Mitterrand in Sarajevo
The next morning I found out why the Eurovision coordinator had notified me to organize entry into the building and escort for very important guests. French President Francois Mitterrand landed at Sarajevo Airport on 28 June and after meeting with Alija Izetbegovic, together with General McKenzie, he came to make a direct call to the First TV Channel in France from the Eurovision feedpoint set up during the night. It was all totally surreal to me. One day in a cloud of smoke under heavy shelling in the hallway – the next day with Mitterrand and around 100 war reporters from all over the world.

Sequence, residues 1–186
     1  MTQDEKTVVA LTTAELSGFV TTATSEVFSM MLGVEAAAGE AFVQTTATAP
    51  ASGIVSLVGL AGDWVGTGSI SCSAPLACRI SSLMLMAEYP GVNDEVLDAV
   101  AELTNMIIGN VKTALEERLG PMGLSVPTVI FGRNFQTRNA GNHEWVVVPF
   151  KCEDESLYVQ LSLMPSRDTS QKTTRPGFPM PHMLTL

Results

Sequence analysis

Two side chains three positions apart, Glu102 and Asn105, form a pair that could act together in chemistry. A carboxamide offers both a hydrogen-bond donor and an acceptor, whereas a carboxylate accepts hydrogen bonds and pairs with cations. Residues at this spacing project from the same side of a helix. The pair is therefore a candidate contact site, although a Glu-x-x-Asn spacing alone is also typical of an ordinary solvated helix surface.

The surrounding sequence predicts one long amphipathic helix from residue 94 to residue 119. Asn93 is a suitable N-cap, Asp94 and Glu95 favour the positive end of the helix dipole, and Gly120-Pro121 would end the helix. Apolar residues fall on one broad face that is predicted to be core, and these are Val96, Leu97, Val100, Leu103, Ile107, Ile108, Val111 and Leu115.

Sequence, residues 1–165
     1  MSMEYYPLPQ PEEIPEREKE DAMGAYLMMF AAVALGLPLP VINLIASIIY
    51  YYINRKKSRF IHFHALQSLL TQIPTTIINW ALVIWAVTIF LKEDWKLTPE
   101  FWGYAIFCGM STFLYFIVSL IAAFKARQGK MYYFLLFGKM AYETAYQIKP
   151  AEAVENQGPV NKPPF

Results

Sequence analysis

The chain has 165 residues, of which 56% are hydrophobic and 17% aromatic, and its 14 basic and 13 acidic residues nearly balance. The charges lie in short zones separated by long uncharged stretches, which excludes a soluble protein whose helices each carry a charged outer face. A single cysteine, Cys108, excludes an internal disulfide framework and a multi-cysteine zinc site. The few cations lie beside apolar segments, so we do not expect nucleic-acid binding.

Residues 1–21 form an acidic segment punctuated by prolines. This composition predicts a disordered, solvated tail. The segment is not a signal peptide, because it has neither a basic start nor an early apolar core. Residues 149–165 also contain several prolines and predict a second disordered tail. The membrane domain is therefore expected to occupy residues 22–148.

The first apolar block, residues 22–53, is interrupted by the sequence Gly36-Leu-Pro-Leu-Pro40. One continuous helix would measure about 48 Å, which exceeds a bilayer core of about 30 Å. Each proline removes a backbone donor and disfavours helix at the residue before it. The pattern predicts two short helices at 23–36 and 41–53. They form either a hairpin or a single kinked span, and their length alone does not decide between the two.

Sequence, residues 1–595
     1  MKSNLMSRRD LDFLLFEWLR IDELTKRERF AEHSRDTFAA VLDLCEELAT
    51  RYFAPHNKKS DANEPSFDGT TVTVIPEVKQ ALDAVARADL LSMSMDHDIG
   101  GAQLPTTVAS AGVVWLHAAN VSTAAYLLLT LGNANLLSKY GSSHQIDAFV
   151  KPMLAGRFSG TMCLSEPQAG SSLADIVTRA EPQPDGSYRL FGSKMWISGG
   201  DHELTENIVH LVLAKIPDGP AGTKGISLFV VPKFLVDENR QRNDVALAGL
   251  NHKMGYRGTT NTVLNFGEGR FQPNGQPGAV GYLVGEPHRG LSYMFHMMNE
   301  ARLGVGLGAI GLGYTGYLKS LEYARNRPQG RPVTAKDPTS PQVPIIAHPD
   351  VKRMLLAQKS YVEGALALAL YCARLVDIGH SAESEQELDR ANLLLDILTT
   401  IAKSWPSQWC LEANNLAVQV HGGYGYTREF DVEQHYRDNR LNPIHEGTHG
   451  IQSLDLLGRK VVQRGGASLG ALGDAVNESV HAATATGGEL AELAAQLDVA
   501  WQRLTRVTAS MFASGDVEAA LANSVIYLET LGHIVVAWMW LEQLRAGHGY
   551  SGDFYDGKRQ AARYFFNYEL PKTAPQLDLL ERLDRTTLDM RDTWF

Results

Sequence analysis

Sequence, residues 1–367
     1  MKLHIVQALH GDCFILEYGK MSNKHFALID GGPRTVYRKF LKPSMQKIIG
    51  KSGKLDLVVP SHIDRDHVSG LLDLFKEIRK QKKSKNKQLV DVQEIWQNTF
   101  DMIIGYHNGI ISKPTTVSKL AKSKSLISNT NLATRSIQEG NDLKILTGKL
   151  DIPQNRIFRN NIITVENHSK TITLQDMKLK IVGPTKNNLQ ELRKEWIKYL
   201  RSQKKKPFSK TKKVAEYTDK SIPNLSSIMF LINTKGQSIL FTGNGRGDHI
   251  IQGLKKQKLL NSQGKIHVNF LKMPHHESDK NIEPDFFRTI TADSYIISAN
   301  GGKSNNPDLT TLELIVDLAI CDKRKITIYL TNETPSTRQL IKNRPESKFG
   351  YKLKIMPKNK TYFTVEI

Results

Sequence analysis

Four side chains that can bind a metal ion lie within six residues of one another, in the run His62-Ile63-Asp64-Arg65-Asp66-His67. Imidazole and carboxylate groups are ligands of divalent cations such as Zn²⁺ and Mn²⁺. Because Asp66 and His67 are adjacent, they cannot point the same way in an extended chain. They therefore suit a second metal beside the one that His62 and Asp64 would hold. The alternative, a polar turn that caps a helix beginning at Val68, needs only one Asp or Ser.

I had no time to be confused or to rejoice at the opening of the airport. The news machine left me no room for sentimentality, fear or confusion. That day, we did not eat anything until our first break between a live report I think for some British news channel at 10 p.m. and a live report for ABC at 1 a.m. During the day, in-between reports and live calls for TV stations in Spain, France, Britain, Germany, Turkey, United States, Canada, Austria, Italy, Holland, every once in a while Peđa Kojović, who was working for Visnews, and Edina Bećirević, who was working for Worldwide Television News (WTN), would one after the other run to the feedpoint with an international producer, Faridoun Hemani, to send the latest footage of the visit to the rest of the world which did not have reporters in Sarajevo. The footage, together with cameramen from the South African Republic, was usually made by the legendary Hare and Čenga (Muharem Osmanagić and Šemsudin Čengić). It is hard to describe the feeling of adrenalin that day, but that whole media circus made me think at least a couple of times that day – this is it, it’s over. I have a mitigating circumstance – I was young and inexperienced.